A philosophical argument is an attempt to get someone to believe something, whether he wants to believe it or not. A successful philosophical argument, a strong argument, forces someone to a belief. Why are philosophers intent on forcing others to believe things? Is that a nice way to behave toward someone? I think we cannot improve people that way. Philosophical argument, trying to get someone to believe something whether he wants to believe it or not, is not, I have held, a nice way to behave toward someone; also, it does not fit the original motivation for studying or entering philosophy.

    That motivation is puzzlement, curiosity, a desire to understand, not a desire to produce uniformity of belief. Most people do not want to become thought-police.

    Man, Economy and State

    Also it changes how one proceeds philosophically; at the macro-level. How could one not be nice to someone as nice as Nozick? It is no wonder that the anti-libertarian intellectual establishment took kindly to a libertarianism as gentle and kind as his, and elevated Nozick to the rank of the premier philosopher of libertarianism. He demanded and presented proofs and exact and complete answers rather then tentative explanations, open questions. Because man cannot not act as long as he is alive, and he must use scarce means to do so, he must also permanently choose between right and wrong conduct.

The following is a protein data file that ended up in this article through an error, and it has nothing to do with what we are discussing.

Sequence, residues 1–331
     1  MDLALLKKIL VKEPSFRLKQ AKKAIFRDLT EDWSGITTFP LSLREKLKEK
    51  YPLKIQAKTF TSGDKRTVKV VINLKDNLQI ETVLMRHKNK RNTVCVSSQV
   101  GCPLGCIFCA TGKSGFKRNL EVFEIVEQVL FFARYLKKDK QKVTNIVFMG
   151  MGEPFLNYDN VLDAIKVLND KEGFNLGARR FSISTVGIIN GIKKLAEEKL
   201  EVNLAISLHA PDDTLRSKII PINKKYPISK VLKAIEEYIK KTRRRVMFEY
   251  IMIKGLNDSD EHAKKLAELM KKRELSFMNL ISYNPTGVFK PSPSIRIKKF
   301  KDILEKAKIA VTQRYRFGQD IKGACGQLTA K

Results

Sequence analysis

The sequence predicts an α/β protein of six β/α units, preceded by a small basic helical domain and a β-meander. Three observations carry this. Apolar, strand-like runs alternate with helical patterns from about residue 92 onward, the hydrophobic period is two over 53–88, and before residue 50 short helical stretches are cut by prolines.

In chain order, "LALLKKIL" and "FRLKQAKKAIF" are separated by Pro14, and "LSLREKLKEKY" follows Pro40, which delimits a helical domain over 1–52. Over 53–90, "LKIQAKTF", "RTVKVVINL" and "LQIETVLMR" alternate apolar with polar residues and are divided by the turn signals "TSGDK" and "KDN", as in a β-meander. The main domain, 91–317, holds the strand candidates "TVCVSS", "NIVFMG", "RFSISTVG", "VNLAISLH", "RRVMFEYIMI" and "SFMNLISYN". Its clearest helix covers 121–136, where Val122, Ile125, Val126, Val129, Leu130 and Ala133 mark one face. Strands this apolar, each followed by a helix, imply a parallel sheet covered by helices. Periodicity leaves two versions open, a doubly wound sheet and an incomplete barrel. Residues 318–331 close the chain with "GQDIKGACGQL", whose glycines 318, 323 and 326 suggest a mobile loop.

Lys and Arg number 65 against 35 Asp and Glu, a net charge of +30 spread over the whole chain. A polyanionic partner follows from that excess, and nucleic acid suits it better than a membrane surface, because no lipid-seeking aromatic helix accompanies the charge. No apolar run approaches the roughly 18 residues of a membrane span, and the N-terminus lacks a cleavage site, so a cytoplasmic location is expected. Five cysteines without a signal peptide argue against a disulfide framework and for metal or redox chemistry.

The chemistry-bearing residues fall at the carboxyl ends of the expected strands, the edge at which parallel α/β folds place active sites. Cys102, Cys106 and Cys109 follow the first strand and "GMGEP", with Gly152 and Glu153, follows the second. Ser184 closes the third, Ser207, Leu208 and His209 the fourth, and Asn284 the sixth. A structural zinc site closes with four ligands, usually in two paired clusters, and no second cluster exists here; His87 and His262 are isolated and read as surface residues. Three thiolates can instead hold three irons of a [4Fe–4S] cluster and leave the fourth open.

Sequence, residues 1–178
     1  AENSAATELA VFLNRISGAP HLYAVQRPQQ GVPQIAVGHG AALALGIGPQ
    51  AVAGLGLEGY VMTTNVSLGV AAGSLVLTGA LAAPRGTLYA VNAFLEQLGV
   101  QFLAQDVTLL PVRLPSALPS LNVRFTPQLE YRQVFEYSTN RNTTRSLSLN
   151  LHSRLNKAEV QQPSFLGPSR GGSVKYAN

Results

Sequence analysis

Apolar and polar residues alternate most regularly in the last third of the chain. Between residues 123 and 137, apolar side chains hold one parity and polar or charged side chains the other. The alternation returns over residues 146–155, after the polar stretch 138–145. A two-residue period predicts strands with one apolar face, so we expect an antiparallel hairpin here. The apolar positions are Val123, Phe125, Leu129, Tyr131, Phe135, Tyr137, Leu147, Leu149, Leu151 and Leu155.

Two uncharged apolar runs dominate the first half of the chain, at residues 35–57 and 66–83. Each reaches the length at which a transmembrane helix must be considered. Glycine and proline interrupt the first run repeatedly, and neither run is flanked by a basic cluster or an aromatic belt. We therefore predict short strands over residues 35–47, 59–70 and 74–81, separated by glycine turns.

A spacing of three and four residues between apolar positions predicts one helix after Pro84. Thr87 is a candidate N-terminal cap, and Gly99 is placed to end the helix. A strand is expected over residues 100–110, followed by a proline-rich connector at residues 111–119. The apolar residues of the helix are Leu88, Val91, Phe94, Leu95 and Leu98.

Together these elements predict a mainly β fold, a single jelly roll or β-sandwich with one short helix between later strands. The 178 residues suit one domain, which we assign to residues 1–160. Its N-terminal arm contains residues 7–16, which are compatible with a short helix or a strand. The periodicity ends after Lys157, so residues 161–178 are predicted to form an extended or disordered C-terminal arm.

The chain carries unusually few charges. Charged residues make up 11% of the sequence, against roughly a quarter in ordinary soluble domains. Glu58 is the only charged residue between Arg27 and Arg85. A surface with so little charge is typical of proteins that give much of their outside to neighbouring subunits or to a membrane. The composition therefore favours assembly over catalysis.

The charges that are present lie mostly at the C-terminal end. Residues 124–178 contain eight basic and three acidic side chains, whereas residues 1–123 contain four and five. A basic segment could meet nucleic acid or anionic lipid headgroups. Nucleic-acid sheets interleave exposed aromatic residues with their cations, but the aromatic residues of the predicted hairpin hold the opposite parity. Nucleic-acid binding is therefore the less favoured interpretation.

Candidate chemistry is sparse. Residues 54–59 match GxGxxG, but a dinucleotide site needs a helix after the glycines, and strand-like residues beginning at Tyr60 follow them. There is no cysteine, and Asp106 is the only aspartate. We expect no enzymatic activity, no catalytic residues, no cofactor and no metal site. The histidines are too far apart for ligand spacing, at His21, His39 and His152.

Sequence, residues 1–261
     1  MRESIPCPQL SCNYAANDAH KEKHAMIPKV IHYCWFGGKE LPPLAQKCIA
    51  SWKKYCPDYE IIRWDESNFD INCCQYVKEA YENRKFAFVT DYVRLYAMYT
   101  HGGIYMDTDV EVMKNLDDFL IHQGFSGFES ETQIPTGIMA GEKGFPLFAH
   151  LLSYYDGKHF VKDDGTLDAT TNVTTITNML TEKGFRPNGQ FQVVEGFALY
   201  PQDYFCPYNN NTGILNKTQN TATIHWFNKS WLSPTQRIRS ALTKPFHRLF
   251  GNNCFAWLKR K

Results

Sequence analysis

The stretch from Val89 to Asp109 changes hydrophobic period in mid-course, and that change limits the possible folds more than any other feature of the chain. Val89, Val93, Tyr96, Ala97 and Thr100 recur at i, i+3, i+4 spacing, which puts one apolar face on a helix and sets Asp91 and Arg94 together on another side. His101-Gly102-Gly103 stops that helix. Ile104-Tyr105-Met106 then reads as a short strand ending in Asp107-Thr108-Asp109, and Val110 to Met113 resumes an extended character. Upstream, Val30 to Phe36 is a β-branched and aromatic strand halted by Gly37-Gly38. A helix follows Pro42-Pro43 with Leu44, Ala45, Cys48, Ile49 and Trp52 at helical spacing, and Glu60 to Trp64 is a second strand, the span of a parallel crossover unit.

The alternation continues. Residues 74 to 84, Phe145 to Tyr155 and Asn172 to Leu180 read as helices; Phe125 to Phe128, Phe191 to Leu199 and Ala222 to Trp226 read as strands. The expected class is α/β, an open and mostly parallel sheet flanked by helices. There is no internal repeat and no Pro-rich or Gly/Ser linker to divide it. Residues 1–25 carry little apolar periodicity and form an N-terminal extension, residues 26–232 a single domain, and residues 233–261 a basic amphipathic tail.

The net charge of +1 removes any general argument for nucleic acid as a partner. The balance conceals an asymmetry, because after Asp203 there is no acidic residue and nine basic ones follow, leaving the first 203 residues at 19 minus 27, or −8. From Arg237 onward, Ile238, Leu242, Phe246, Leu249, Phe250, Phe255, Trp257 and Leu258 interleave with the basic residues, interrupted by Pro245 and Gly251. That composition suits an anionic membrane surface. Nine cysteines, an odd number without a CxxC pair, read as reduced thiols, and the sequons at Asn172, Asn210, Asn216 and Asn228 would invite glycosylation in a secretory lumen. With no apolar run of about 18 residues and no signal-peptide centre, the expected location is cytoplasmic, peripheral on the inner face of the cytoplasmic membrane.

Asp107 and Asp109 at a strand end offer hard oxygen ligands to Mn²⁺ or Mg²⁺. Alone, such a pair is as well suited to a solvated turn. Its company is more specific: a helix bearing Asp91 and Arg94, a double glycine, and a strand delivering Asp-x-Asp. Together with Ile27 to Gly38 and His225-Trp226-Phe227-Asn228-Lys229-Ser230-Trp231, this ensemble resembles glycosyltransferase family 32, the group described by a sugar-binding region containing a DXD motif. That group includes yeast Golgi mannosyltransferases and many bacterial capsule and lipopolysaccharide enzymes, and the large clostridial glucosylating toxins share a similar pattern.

The fundamental question of ethics—what am I here and now rightfully allowed to do and what not—is thus the most permanent, important, and pressing intellectual concern confronting man. Whenever and wherever one acts, an actor must be able to determine and distinguish unambiguously and instantly right from wrong.